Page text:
When humans and wildlife live alongside each other, there is bound to be some interaction between the two. Often, humans perceive such interactions as conflict, endangering the lives of both people and wildlife. WCT works closely with state forest departments to mitigate conflict and minimise losses caused on either side due to these interactions. WCT’s Human Wildlife Interface Management (HWIM) division trains forest staff in reducing damage during conflict situations and assists the forest department in devising long-term solutions.
WCT assists the forest department developing a human-tiger interface prediction module. This module uses spatial and temporal characteristics of previous interactions and helps the forest department in predicting potentially sensitive situations in the future.
WCT’s veterinarians assist the forest departments in:
- Tracking tigers inhabiting areas close to human settlements
- Tranquilizing large carnivores
- Monitoring radio-collared tigers and leopards
- Conducting post-mortems of deceased wildlife to ascertain the cause of death
Large carnivores, when in proximity of human dominated landscapes, attract considerable attention because of the perceived threat to human life. This often leads to removal of animals by the forest department or persecution of animals by local communities. WCT’s interventions under the HWIM project provide technical assistance to the forest department to understand and manage conflict on the ground and propose solutions which are favourable to both people and animals.
Dr. Prashant Deshmukh
Specially Designed Rescue Vehicles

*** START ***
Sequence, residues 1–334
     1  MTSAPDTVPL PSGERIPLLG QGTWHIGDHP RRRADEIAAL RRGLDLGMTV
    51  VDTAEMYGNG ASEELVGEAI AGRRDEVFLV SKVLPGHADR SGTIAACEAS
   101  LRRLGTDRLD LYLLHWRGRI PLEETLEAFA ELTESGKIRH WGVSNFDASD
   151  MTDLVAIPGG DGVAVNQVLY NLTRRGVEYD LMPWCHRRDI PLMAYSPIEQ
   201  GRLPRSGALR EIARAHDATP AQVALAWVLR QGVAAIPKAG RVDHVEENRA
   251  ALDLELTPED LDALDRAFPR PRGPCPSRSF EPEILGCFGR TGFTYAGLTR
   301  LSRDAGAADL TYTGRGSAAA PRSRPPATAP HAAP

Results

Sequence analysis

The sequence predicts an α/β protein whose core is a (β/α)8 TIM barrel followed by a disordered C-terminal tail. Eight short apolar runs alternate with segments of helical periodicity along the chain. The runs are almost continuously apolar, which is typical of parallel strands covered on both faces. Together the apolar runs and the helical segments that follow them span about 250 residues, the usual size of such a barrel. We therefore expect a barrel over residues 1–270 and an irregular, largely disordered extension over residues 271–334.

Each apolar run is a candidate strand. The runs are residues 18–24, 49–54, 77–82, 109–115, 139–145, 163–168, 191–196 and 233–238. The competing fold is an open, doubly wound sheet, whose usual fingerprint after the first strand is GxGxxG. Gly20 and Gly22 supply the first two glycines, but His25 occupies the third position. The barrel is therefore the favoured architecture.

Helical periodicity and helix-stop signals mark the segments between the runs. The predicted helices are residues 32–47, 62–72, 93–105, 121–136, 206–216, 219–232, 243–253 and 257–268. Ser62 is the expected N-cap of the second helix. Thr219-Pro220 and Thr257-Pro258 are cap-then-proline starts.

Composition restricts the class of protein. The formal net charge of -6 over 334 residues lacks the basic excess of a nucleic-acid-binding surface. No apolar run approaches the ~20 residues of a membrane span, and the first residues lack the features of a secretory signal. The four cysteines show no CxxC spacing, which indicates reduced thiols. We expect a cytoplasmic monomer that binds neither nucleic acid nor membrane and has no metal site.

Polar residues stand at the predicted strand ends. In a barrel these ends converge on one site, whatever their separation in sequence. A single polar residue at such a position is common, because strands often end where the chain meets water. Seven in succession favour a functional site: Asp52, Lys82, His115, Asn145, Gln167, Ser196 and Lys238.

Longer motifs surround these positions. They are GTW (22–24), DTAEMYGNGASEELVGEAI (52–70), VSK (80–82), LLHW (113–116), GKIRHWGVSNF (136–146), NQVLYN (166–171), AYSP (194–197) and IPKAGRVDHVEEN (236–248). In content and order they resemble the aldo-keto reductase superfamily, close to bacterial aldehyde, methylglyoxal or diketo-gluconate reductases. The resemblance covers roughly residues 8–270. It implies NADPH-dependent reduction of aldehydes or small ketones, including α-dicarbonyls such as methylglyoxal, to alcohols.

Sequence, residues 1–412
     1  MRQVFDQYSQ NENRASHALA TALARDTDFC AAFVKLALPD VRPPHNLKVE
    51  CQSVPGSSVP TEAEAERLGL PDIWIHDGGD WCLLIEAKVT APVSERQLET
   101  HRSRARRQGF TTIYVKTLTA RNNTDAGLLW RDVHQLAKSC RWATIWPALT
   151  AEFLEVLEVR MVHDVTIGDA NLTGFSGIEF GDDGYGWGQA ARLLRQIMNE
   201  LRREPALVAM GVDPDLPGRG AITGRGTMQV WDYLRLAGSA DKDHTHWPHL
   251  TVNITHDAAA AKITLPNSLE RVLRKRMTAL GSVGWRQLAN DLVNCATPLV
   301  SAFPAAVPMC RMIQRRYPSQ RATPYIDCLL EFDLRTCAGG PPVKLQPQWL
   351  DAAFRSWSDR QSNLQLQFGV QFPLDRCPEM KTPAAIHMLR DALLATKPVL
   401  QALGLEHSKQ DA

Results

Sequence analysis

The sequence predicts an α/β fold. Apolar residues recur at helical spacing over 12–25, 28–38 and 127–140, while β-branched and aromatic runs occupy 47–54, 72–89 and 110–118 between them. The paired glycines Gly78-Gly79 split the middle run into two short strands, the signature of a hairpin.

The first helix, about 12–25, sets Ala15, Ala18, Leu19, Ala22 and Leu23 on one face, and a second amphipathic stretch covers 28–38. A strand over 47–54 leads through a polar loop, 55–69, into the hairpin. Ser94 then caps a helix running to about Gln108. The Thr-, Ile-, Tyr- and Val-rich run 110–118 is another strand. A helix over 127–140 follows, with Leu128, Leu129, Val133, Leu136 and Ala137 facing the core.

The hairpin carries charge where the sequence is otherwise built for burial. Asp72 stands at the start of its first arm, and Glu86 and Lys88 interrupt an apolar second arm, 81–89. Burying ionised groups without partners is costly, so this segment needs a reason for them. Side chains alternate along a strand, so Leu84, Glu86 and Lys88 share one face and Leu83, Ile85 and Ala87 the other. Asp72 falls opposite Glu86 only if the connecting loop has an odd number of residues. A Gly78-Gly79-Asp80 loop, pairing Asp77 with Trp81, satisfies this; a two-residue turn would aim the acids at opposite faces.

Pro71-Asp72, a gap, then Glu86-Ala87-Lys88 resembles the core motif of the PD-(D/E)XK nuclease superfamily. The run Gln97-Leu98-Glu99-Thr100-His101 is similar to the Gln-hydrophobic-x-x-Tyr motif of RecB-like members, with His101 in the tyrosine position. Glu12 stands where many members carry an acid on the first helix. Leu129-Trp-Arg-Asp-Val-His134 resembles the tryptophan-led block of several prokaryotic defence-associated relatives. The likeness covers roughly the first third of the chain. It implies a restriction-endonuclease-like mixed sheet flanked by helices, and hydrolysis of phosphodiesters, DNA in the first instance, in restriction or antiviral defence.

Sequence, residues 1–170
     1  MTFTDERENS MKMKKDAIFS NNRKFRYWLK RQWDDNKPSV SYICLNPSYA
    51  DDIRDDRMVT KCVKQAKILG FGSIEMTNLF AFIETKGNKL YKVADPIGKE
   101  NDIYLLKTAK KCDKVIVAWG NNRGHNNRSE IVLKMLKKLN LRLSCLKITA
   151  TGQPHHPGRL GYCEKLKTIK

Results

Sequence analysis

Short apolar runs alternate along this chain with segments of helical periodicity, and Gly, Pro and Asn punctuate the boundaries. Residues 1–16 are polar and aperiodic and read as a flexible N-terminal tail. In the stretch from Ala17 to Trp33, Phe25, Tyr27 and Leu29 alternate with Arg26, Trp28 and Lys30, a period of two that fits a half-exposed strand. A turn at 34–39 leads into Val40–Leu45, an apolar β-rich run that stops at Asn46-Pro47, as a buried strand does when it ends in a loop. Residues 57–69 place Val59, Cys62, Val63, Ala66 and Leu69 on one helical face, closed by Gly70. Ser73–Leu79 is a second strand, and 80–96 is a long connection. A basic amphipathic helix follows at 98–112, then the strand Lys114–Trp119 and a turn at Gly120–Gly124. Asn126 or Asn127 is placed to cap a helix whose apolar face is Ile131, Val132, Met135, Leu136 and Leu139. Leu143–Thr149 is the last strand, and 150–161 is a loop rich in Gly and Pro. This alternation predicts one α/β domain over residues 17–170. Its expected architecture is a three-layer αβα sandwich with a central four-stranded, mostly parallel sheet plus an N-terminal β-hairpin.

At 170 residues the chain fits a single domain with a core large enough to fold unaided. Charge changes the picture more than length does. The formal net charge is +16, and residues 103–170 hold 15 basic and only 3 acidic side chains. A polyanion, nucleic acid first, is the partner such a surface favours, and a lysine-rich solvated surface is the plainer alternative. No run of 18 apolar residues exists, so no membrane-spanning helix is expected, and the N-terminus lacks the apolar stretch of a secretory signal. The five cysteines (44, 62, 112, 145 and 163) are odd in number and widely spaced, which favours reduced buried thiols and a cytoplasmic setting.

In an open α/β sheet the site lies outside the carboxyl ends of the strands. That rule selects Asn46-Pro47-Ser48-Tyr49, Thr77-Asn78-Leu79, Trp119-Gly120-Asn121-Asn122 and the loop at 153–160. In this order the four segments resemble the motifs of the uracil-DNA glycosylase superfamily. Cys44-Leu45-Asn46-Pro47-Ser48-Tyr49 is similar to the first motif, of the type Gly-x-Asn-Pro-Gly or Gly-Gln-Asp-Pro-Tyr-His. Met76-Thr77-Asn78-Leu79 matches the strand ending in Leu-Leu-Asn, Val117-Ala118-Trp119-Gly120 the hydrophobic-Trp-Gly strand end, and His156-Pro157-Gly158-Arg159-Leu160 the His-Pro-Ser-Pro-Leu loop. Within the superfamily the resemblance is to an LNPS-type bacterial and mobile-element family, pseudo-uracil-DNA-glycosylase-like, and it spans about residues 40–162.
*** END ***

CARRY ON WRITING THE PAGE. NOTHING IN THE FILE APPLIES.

WCT donates specially modified 4WD vehicles to parks to help officials rescue wild animals that have strayed into human habitation. Specially designed injury-proof carnivore trap cages have also been provided to over 20 Protected Areas.
Workshops on Firearm Maintenance
WCT collaborates with local NGOs to carry out periodic maintenance of firearms given to forest staff in various parks. Although forest officials have firearms to use in life-threatening situations, they are not taught how to maintain them. This leads to rust developing on the inside of the firearms, increasing the chances of them malfunctioning during an emergency.
WCT has helped design thermal imaging equipment called an e-Rescuer that helps forest officials detect wild animals during the night or in foggy conditions. Staff can use the device to track animals and plan their rescue operations, minimising the risk of injury to themselves.
Radio-telemetry is one of most widely used technologies for understanding the behaviour and ecology of wild animals. Its importance in the context of tiger conservation cannot be overstated. Being saturated, the core zones of several tiger reserves have no room for young tigers. As a result, a large majority of young disperse into less-protected forests via corridors.
WCT uses radio-telemetry to understand how dispersing tigers use their habitat to suggest and implement community interventions for mitigating conflict arising from the interaction between people and tigers. Some effective interventions include livelihood programmes to reduce dependence of people on forests and awareness drives to inform people about subtle behaviour changes needed to coexist with large carnivores.
Understanding the dispersal of tigers and leopards also helps us in devising training programmes for frontline forest staff. WCT assists the forest department in radio-collaring tigers that have been declared as dangerous to humans, so that, by closely monitoring their movements, we can provide unbiased evidence for or against these decisions.
To help tackle human-animal conflict, WCT has designed and donated Rapid Response Units (RRUs) to forest departments across India. Each RRU consists of a specially-modified 4WD vehicle, three motorcycles, injury-proof carnivore trap cage, blow-pipe, stretcher, GPS, digital camera, sleeping bags, torches, and several other items needed during an emergency.
Detailed List of Items Included in RRU
- Reinforcing Protection
- World Wildlife Day 2019 – Life below water
- One Health
- Conservation Strategy
- 22 amazing tiger facts – LetsTalkTigers
Header image © Nikhil Tamberkar